Pigeons and doves are in the order Columbiformes and family Columbidae. There are five subfamilies within Columbidae, 42 genera and 308 species. They are easily recognizable and have a world-wide distribution (although they are not found in Antarctica). They live in almost all types of terrestrial habitats from desert to dense forest and large urban areas. Pigeons and doves are stocky birds that range from 15 to 75 cm long. Many of the seed-eating columbids are buff, grey and brown colors, while the fruit-eaters are often more brightly colored. Many have ornamentation and iridescent feathers on the neck, breast, back, wings and face. They range from solitary to extremely social; the now extinct passenger pigeons (Ectopistes migratorius) are reported to have occurred in flocks of up to two million birds that were so dense that they blocked out the sun.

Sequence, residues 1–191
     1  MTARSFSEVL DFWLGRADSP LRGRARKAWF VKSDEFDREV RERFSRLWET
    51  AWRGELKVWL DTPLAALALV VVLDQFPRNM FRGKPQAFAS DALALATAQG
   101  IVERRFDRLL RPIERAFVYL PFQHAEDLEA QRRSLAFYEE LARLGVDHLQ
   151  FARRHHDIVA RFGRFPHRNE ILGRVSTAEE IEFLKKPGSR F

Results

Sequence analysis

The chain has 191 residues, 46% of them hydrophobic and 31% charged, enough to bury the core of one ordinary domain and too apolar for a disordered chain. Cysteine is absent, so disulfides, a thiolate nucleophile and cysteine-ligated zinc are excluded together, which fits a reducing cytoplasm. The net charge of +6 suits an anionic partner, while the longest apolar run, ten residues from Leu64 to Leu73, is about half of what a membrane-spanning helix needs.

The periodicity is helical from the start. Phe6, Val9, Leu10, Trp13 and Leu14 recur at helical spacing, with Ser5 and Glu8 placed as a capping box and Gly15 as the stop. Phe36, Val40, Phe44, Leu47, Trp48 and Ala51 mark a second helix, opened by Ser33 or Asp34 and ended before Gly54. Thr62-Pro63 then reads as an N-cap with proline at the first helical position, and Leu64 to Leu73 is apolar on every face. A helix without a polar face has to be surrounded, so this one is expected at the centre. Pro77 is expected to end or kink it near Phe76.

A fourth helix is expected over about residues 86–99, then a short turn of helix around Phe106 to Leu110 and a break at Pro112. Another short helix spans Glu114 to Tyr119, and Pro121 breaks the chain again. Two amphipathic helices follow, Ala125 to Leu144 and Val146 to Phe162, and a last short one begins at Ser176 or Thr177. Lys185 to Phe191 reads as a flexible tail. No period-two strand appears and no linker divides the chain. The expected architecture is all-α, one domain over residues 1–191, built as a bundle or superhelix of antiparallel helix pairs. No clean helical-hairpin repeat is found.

- Dickinson, E. 2003. The Howard and Moore Complete Checklist of the Birds of the World, 3rd edition. London: Christopher Helm.
- Baptista, L., P. Trail, H. Horblit. 1992. Family Columbidae (Pigeons and Doves). Pp. 60-243 in J del Hoyo, A Elliott, J Sargatal, eds. Handbook of the Birds of the World, Vol. 4. Barcelona: Lynx Edicions.
- Lack, P. 2003. Pigeons and Doves. Pp. 288-295 in C Perrins, ed. The New Encyclopedia of Birds. Oxford: Oxford Univeristy Press.
- Wells, J., A. Wells. 2001. Pigeons and Doves. Pp. 319-325 in C Elphick, J Dunning, D Sibley, eds. The Sibley Guide to Bird Life and Behavior. New York: Alfred A. Knopf.